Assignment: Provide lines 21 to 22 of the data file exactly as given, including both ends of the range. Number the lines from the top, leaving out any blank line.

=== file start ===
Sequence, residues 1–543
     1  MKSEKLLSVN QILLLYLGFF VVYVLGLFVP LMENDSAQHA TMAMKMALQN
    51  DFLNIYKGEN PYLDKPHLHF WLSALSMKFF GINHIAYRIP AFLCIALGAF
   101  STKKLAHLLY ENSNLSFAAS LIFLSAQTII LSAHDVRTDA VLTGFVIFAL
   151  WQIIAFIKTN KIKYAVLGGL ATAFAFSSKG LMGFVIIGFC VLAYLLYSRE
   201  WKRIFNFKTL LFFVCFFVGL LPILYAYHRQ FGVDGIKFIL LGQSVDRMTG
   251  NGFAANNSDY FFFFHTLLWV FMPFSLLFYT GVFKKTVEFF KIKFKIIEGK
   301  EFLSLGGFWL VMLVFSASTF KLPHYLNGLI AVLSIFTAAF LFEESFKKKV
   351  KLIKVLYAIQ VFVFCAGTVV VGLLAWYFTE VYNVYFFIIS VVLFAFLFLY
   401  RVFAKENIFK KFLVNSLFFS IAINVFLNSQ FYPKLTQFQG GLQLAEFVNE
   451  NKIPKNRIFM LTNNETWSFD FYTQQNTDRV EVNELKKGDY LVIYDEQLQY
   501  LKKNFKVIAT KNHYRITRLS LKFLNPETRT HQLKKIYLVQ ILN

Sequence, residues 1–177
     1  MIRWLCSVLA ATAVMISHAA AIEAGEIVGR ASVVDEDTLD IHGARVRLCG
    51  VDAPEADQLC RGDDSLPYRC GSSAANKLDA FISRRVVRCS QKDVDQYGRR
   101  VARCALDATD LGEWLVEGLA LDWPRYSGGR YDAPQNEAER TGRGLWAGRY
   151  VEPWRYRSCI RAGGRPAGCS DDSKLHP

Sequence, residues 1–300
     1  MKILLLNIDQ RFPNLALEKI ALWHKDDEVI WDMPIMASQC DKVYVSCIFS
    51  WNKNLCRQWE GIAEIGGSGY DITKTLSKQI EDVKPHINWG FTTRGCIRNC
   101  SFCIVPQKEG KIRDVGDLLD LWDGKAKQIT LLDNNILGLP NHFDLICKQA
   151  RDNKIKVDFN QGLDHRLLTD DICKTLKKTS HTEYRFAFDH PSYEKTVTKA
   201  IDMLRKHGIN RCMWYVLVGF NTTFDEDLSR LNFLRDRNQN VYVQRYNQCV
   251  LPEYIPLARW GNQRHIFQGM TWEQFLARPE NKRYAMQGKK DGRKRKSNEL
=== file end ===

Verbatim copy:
   101  SFCIVPQKEG KIRDVGDLLD LWDGKAKQIT LLDNNILGLP NHFDLICKQA
   151  RDNKIKVDFN QGLDHRLLTD DICKTLKKTS HTEYRFAFDH PSYEKTVTKA